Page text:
6) Mike Ditka, Pittsburgh

Mike Ditka entered the fold in an era where passing the ball was largely secondary. He went fifth overall in the 1961 NFL Draft. That’s how good he was.

At 6’3″ and 228 pounds, Ditka was known as a productive two-way tight end, leading his team in receiving each year he played. The Chicago Bears saw Ditka’s potential, and as soon as he entered the league, he revolutionized the TE position.

Ditka won Offensive Rookie of the Year and Pro Bowl honors in 1961, logging 56 catches, 1,076 yards, and a then-team record 12 TDs. He’d go on to become a two-time All-Pro, an NFL and Super Bowl Champion, and a Hall of Famer.

5) Tony Gonzalez, California

Some prospects are simply infallible. Tony Gonzalez was that caliber of player when he hit the 1997 NFL Draft circuit out of California. The 6’5″, 247-pound TE was a smooth athlete and a skilled receiver with a basketball background, and his culmination of traits projected well.

The Kansas City Chiefs selected Gonzalez 13th overall in his respective class, and Gonzalez went on to become one of the greatest TEs of all time. He made the Pro Bowl in 14 of his 17 seasons, made the All-Pro team six times, and was eventually crowned a Hall of Famer.

Gonzalez’s physical tools were rivaled by few, but his sheer durability and dependability proved to be one of his greatest assets. On five separate occasions, he eclipsed 90 catches in a season — and four of those times he also logged over 1,000 receiving yards.

4) Vernon Davis, Maryland

In some ways, Vernon Davis was Brock Bowers before Brock Bowers. As a junior at Maryland, he racked up 51 catches for 871 yards and six scores before making the early leap to the NFL. He was then taken sixth overall by the San Francisco 49ers.

Davis was one of the best athletes ever seen at the TE position. At a hyper-dense 6’3″, 254 pounds, he ran a torrid 4.38-second 40-yard dash and logged a 42″ vertical and a 10’8″ broad jump, and his 33 bench reps gave a show of his raw strength.

Davis was a weapon for years on end on the West Coast — but his best years came in 2009 and 2013. In 2009, he established a career-high 965 yards, and he exploded with 13 TD catches in both seasons.

3) T.J. Hockenson, Iowa

The Iowa Hawkeyes have been a TE factory for the better part of the 21st century, but the team’s crown jewel is T.J. Hockenson, who went eighth overall in the 2019 class.

Hockenson was already on the NFL Draft radar after the 2017 season, but a 2018 campaign that saw him amass 49 catches for 760 yards and six TDs sealed the deal on his Round 1 aspirations.

At 6’5″, 251 pounds, Hockenson laid claim to elite athleticism — quantified by a 4.7-second 40-yard dash, 37.5″ vertical, 10’3″ broad jump, and 7.02-second three-cone drill — and high-level blocking ability. In the NFL, he’s distinguished himself as a clutch chain-mover and money-down machine.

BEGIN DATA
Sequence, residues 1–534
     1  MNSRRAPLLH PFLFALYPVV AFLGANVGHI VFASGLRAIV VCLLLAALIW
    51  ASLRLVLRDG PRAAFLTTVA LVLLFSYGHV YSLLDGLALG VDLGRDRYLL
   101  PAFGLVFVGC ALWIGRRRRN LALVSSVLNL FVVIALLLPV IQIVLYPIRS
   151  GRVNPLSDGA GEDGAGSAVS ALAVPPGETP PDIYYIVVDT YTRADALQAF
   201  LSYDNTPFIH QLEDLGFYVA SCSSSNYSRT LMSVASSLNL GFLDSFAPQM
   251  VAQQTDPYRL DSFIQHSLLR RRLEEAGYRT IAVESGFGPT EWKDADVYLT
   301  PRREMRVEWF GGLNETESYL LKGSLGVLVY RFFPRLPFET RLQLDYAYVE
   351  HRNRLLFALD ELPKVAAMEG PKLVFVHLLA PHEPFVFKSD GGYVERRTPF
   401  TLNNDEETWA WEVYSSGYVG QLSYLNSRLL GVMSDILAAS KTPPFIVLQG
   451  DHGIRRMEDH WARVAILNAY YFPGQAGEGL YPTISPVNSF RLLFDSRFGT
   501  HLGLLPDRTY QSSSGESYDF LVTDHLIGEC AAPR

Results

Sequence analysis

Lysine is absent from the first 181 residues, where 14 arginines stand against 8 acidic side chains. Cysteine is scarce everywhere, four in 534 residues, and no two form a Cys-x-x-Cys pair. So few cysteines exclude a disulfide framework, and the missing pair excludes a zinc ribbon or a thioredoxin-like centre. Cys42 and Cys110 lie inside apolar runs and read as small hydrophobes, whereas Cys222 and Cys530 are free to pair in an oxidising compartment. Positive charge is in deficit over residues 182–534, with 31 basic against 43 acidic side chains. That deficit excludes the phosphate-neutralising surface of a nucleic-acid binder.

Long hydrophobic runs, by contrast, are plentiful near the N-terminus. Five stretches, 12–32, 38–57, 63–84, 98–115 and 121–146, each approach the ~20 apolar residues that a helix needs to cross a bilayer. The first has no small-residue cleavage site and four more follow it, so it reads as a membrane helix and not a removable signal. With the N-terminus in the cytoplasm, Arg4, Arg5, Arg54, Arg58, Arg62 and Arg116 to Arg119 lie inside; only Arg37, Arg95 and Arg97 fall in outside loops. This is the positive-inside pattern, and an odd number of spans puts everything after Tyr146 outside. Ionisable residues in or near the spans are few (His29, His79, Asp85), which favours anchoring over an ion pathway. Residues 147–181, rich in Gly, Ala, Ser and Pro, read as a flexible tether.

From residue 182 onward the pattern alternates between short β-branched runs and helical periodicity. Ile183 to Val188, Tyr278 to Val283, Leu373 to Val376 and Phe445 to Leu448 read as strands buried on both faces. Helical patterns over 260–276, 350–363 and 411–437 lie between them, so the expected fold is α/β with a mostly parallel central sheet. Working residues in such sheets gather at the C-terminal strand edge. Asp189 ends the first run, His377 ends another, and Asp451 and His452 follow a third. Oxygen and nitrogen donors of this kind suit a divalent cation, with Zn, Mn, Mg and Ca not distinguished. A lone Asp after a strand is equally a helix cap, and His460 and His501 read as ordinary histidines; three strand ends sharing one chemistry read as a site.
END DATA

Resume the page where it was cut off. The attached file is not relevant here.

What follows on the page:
2) Brock Bowers, Georgia

From the moment he set foot on the field at Georgia, Bowers proved he was special. As a true freshman, he earned all-league honors while amassing 56 catches for 882 yards and 14 total TDs. Across his three-year career, he totaled 2,731 yards and 31 scores.

Bowers was always an elite physical talent — rumored to run a 4.5-second 40-yard dash pace at around 6’3″, 243 pounds, and his tape backed up that speed and explosiveness. But what made him so compelling as a prospect in the 2024 NFL Draft cycle was how his skill set was perfectly attuned to the modern game.

Bowers boasted the versatility to be used in a countless allotment of ways. And just when you started to worry about labeling him as a gadget player, he separated independently on a dig route or snared a high pass against close coverage. He’s a true three-level weapon.

The Las Vegas Raiders selected Bowers 13th overall in the 2024 NFL Draft, and in Las Vegas, he’ll get a chance to carve out a legacy for himself like many of the players on this list have.

1) Kyle Pitts, Florida

Like the best prospect of all time at any position, Pitts was billed as a true unicorn heading into the 2021 NFL Draft cycle.

The Florida product — who caught 43 passes for 770 yards and 12 touchdowns in his final season — was the first non-QB taken in his class, and he’s the highest-selected TE in NFL history.

At 6’6″, 246 pounds, Pitts ran a blazing 4.44-second 40-yard dash time and boasted a full route tree on tape with jaw-dropping flexibility and contortion freedom for his size. He was a Pro Bowler in his first season, and with Kirk Cousins now at the helm in Atlanta, his best ball could be on the way.

Odds are, we won’t see another TE prospect with Pitts’ combined physical talent and receiving versatility in a long, long time.

Honorable Mentions

  • George Kittle, Iowa
  • Shannon Sharpe, Savannah State
  • Rob Gronkowski, Arizona
  • Dallas Clark, Iowa
  • Ken MacAfee, Notre Dame
  • Dalton Kincaid, Utah
  • Greg Olsen, Miami (FL)
  • Todd Heap, Arizona State
  • Charle Young, USC
  • Keith Jackson, Oklahoma